Monday, February 17, 2014

Race report: Full Moon Frozen River Run 2014

Ever since reading Joel Button's account of last year's Full Moon Frozen River Run, I knew I wanted to come along on this year's outing. A loosely organized, moonlit, nighttime group run on the frozen St. Croix river sounded pretty awesome, and seemed like a great introduction to nighttime running. Joel's emails promised 12-16 miles of scenic running, with four hours of aid station support and a potluck afterwards. Free! It's been plenty cold this winter, ensuring good ice on the river, but the really cold weather broke for us just in time: the forecast was for 19 degrees (ABOVE zero!) with light wind.

Since I wanted some more miles for the day, I started my Saturday out bright and early with a nice easy 2 hour trail run with Stephanie, who's training for the Spring Superior 25K. The singletrack bike trail at Theodore Wirth was in great condition and we got a nice 7-ish miles in the chilly, clear morning air and wrapped up by 8:30 am.
Sunrise: Worth getting up for!
Check out the ice lashes!
I headed home (by way of breakfast) and spent the day doing ordinary Saturday things -- hanging out with boys, grocery shopping, the usual -- and took a two hour nap after lunch. (Which was, by the way, AWESOME). Kids are getting over a cold, so we had dinner around 5:30, did the usual bath-storytime-bed routine, and everyone was asleep by 7. I changed back into running gear (minus a few layers, since it was now a good 15 degrees warmer), gathered inordinate amounts of snacks, spare clothes, coffee, headlamp, and other running junk, and hit the road for Stillwater.

By the time I reached Joel's office at 8:15, there was already a good crowd there, gathering for the 8:30 run briefing and 9 pm start. We signed waivers and loaded the table with potluck treats. It was great to see lots of trail friends there -- Janet, Mike, Pam, Shannon, Julio, and lots of others. Last year's run had 15 participants, but this year there were about 38!

The briefing covered the route -- 3 miles south, then back to the aid station on the riverbank, then 2.5-5 miles north and back. It covered the wind direction (blowing from the north, take it easy on the first part because you'll be coming back into the wind). And it covered the "trail" conditions. Which were, he warned us, challenging. We would be following snowmobile tracks on the frozen, snow-covered river, but there was fresh, unpacked snow, and it was lightly crusted. Joel's email from a few days before had warned: "The most difficult part is punching through the snow unexpectedly, like riding a trike with one wheel the shape of an egg and the other the shape of a triangle."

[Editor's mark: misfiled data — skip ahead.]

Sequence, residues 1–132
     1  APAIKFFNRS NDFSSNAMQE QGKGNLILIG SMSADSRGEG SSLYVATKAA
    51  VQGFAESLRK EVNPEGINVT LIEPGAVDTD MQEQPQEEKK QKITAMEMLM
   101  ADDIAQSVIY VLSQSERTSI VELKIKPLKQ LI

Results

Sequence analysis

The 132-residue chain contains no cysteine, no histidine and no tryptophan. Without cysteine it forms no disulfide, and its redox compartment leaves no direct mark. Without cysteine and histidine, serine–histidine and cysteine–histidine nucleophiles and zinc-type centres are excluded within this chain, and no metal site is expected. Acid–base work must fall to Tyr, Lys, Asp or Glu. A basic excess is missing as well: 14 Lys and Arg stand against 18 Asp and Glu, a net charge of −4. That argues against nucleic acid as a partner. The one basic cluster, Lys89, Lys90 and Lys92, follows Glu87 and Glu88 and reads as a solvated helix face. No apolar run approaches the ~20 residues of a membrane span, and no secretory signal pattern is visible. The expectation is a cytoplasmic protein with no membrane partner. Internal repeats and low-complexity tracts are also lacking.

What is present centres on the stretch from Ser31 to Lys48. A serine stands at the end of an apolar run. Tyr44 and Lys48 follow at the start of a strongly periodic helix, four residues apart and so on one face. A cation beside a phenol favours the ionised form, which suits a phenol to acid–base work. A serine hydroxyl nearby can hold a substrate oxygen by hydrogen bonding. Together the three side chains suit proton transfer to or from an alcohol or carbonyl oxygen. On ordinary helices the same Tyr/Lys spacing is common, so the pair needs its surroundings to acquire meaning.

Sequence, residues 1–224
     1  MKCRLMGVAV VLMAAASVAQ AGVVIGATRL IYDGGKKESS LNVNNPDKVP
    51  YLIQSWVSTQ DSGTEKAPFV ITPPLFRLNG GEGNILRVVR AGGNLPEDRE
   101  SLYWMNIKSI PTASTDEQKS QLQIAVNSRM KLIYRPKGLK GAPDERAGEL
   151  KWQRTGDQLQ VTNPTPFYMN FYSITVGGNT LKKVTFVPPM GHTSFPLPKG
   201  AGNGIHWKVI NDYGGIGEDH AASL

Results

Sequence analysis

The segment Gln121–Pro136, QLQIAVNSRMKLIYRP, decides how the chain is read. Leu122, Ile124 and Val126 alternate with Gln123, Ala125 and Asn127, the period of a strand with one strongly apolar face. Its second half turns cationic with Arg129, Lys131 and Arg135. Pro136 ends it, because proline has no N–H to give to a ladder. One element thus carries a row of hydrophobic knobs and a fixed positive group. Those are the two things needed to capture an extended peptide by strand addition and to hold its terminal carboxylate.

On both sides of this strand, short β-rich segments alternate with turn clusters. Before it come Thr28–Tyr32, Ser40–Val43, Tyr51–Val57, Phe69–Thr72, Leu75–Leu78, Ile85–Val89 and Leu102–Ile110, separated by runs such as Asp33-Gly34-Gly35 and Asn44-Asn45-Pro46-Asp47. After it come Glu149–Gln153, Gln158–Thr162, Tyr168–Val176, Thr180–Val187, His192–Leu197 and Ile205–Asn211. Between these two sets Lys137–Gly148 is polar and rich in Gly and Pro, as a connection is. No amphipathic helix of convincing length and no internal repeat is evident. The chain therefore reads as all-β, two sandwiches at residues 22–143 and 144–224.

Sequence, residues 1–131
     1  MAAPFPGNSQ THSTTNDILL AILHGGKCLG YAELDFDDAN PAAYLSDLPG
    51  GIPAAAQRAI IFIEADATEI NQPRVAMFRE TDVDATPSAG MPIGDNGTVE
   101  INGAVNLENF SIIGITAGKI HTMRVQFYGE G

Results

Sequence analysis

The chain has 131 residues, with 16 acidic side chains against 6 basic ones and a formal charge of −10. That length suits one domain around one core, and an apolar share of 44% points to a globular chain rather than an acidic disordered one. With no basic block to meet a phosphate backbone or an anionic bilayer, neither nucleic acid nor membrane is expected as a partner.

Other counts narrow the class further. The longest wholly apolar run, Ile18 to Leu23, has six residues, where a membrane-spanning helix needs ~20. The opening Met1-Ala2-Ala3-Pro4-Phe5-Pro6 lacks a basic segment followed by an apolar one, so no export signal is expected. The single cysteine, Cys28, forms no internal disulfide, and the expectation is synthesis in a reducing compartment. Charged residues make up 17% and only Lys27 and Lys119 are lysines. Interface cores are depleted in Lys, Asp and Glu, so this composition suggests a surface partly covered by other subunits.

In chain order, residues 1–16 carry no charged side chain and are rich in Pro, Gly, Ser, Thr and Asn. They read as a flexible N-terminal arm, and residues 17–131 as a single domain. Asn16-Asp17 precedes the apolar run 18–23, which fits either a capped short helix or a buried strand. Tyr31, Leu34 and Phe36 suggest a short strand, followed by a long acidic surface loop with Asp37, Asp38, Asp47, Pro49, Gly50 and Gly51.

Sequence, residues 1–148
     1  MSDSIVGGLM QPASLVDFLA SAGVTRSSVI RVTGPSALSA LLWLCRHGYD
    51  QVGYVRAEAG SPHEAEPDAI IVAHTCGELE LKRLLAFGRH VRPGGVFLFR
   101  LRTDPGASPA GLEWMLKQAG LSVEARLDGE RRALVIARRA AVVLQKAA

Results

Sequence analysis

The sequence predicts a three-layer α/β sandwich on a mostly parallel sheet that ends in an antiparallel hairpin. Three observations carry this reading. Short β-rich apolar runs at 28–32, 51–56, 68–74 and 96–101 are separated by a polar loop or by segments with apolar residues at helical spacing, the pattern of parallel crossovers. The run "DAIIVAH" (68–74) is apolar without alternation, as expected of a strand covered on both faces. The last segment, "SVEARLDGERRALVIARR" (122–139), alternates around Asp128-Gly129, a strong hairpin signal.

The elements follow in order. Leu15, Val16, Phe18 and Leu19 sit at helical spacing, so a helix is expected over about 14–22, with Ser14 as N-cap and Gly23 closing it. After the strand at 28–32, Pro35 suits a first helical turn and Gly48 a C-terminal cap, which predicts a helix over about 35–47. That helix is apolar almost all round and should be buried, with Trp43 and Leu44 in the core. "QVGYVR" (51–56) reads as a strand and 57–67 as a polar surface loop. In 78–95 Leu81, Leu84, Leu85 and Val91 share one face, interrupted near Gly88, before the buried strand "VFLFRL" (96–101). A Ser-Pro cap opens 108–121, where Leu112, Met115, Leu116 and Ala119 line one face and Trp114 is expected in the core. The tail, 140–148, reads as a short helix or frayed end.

Joel (in the center), giving a pre-run briefing.
With a few more words of advice and wisdom (check in and back out at the aid station, don't get lost in the river channels), we were off. First to the aid station, staffed by fantastic volunteers right on the riverbank, complete with bonfire, tent, and a propane stove with two kinds of hot soup. And then, off and running!
Heading toward the lift bridge
 We crossed the lift bridge (welcome to Wisconsin!) and immediately descended onto the river. It was very quickly clear that this was going to be some difficult running. There was a snowmobile track, but it hadn't been used heavily. Much of the trail looked like this:
The view, for much of the run!
 The snow varied in depth in most places from 4 to 8 inches. It was lightly crusted over, so if you ran an unbroken section, about one step in three you'd be on top of the snow, then you'd break through. If you went in other people's tracks, it was like running in 4-8 inches of mashed potatoes. But it was a nice temperature, the wind was at our backs, my gaiters and the cool temperatures kept my feet dry, and by throttling my run down to a slow trot, I found a sustainable pace.
Lights across the river in Stillwater
Janet and I ran together and quickly found ourselves bringing up the back of the pack. No worries, we were both comfortable at our pace and pretty sure at least a few of the people who had taken off faster would come back to us. We trotted along past the pilings for the new bridge (giant concrete cylinders rising from the river), and past the lighted power plant (I think?) on the Minnesota side. A couple of miles in, we overtook Mike and Anjanette. Mike and I pulled ahead and caught up as we ran -- we met at last spring's Superior 50K and did a lot of the same races last year, but hadn't run together since the Turkey Trot.

About 60 minutes into the run, we reached the turnaround a little more than 3 miles in, at a pavilion on a little peninsula.
Jacket off, red cheeks, having a good time!
Anjanette, Janet, and Mike at the turnaround
We started back, now heading into the wind. But thanks to some advice from Joel, we got onto a slightly better track closer to the Wisconsin shore, and made decent time heading back. Janet and Anjanette walked a fair bit of the return trip. I pulled a little ahead of Mike and was back at the aid station in about 1:45.